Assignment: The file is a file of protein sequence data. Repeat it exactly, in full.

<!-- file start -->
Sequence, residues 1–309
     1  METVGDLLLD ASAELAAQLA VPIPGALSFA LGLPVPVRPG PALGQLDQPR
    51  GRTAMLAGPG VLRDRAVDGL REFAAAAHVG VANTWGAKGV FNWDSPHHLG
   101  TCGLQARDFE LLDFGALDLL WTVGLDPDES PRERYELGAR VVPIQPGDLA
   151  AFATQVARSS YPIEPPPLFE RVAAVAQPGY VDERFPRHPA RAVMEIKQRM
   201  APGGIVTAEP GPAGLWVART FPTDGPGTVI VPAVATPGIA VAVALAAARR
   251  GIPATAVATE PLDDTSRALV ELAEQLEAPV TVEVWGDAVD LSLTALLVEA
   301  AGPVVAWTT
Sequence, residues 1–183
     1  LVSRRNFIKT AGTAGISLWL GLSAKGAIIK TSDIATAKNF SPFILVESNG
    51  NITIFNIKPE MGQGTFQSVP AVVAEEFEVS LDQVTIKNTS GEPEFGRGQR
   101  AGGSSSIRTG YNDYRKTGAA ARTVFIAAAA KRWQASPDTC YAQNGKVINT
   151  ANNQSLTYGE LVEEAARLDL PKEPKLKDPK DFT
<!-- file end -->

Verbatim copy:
Sequence, residues 1–309
     1  METVGDLLLD ASAELAAQLA VPIPGALSFA LGLPVPVRPG PALGQLDQPR
    51  GRTAMLAGPG VLRDRAVDGL REFAAAAHVG VANTWGAKGV FNWDSPHHLG
   101  TCGLQARDFE LLDFGALDLL WTVGLDPDES PRERYELGAR VVPIQPGDLA
   151  AFATQVARSS YPIEPPPLFE RVAAVAQPGY VDERFPRHPA RAVMEIKQRM
   201  APGGIVTAEP GPAGLWVART FPTDGPGTVI VPAVATPGIA VAVALAAARR
   251  GIPATAVATE PLDDTSRALV ELAEQLEAPV TVEVWGDAVD LSLTALLVEA
   301  AGPVVAWTT
Sequence, residues 1–183
     1  LVSRRNFIKT AGTAGISLWL GLSAKGAIIK TSDIATAKNF SPFILVESNG
    51  NITIFNIKPE MGQGTFQSVP AVVAEEFEVS LDQVTIKNTS GEPEFGRGQR
   101  AGGSSSIRTG YNDYRKTGAA ARTVFIAAAA KRWQASPDTC YAQNGKVINT
   151  ANNQSLTYGE LVEEAARLDL PKEPKLKDPK DFT